Sunday, July 14, 2013

Human + Nature


Mike was working on Friday night.  From 6 PM - 6 AM.  Naturally I wasted a few hours in Target shopping for things I don't need.  I only ended up buying a a fridge calendar and bottle of wine, both things I didn't/don't need, but still a lot less than I had in my basket before buyer's remorse kicked in.  Why I thought THREE drawer dividers were a good idea, I don't know.  Thank God I put them back.

When I got home, my list of chores was suddenly trumped by our super comfy couch and my desire to drink alone.  Drinking alone is a privilege I relish.  In college, having people around to witness your drinking was awesome.  How else were you supposed to empathize with those F*** My Life or Texts From Last Night posts? Now I just really enjoy a nice, quiet, antic-free glass (read: bottle) of wine.  I watched that new movie with Tina Fey & Paul Rudd.  I adore Tina Fey (and Paul Rudd.  But mostly Tina Fey), but I was largely disappointed by the movie.  Good thing I only rented it.

The movie was about getting a kid accepted to Princeton.  Which left me feeling inadequate about my education (thanks for nothing, Florida State).  So I decided to watch a documentary.  I am fascinated, well really I'm borderline unhealthily obsessed, with all things snow & ice related, so I chose to watch "Chasing Ice," a documentary about the loss of Earth's glaciers (and a film in support of Global Warming awareness).  Please read more about it here.



This isn't a political rant.  Personally I don't see how this is something that can be ignored, but Americans are inherently awesome at ignoring really important issues.  At the same time, I am well aware of my ignorance and complete refusal (while mostly unintentional), to take any sort of personal action.  I have always equated Global Warming activists with hemp wearing, composting, paper bag using Vegans.  Not that they're bad people.  They just aren't me.

What I'm saying is, I don't know how to be a good human who lives in sync with nature.  My carbon footprint probably rivals that of Bigfoot.  That's supposed to be a size reference.  I'm sure Bigfoot actually has quite a small carbon footprint.  I mean, he lives in the woods, doesn't drive a car/own a house/shop at Wal-Mart, though he'd likely wear size 30 Nikes.



I have this innate desire to be "in" nature...that is, I love exploring, being outside, photographing the world around me, and given the time, opportunity, and budget, would dedicate my life to saving the world's animals, but that's just not the hand I was dealt.  I live on a modest income and count rescuing my dog and two house cats my life's greatest achievement.  We have three flat screen TVs.  I never remember to turn off lights when I leave rooms (despite my parents' constant hounding).  We use paper towels like they're going out of style.   I always choose plastic over paper at the grocery store and never take re-usable bags.  I don't even know if our neighborhood recycles.  Sure, I drive a low emission vehicle (given it only gets 23 miles per gallon), our appliances are mostly energy efficient, and we don't go crazy with our heating or air conditioning, but what does that matter?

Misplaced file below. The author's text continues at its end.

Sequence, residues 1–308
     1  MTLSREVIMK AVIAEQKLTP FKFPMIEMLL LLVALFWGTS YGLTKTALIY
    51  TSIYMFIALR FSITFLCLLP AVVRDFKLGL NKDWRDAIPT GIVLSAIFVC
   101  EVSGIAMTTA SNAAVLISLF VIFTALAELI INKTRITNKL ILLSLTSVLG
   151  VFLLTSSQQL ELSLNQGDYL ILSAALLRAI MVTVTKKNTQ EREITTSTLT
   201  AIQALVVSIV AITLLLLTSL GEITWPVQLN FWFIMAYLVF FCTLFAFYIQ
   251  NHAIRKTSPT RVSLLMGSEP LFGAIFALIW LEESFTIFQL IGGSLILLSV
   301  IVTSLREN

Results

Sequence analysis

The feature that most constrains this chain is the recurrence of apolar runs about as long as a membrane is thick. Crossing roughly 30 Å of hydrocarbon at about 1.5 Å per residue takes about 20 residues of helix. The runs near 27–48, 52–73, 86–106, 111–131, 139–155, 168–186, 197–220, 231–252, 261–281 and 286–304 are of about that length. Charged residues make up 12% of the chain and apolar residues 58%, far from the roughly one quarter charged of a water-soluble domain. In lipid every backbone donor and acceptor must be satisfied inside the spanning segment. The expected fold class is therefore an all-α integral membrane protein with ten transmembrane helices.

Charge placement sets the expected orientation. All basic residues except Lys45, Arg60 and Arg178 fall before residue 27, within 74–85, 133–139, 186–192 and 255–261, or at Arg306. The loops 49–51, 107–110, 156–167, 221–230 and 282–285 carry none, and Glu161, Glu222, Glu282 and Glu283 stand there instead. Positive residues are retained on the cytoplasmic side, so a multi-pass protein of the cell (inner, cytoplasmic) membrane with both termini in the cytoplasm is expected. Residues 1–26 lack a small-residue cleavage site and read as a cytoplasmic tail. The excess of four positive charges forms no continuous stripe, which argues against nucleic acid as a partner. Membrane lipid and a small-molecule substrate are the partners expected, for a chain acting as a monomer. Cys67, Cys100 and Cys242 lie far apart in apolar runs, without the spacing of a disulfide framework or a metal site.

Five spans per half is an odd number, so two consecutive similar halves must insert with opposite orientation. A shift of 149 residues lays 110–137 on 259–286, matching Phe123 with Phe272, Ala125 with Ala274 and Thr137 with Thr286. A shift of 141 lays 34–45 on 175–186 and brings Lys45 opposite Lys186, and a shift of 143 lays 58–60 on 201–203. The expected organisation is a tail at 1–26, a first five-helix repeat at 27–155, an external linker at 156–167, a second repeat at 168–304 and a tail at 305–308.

In the past, I have always counted myself as just one person.  Or just one family.  What difference do I make?  On my own...not a lot.  Living with Mike?  Still not a lot.  But when every single person is educated?  A lot.  One person acting on their own is like watching one ant try to move a big ass piece of bread.  It's not going to happen.  Humans are ants in the grand scheme of life.  If I'm the only person using solar panels, Mother Nature isn't going to look twice.  If nearly every single ant starts using solar panels, and recycling, and turning off lights, and all those other stereotypically "tree-hugger" things, maybe the glaciers will stop throwing temper tantrums and Earth will recover some semblance of equilibrium.   Maybe not.





I don't know what my point is.  While watching the documentary, I was more jealous of the places they visited than the travesty of climate change.  I want to be there with them, taking pictures, witnessing the landscape, just being.  It's hard to break old habits.  I will likely write this post and then continue living my blissfully ignorant lifestyle.  But our excuses are running out.  I want so badly to effect change but I feel so ill-equipped and inexperienced.  What can some kid with a degree in English possibly do for the world around her?

James Balog and his team are the masterminds behind the "Chasing Ice" documentary and the Extreme Ice Survey.  Their cameras are still out there.  In Greenland, Iceland, and Alaska.  The glaciers didn't stop melting after their film was edited.  Just because you're not watching doesn't mean it's not happening.


All images via James Balog Photography.
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1 comment

  1. I'm totally guilty of all that too, Anna. Its refreshing to see someone else acknowledge it and not post another guilt-worthy post making me feel bad for the way I am living. I try, but its something that definitely needs to be practiced and made a habit before it is second nature!
    http://buxbaby.blogspot.com.au

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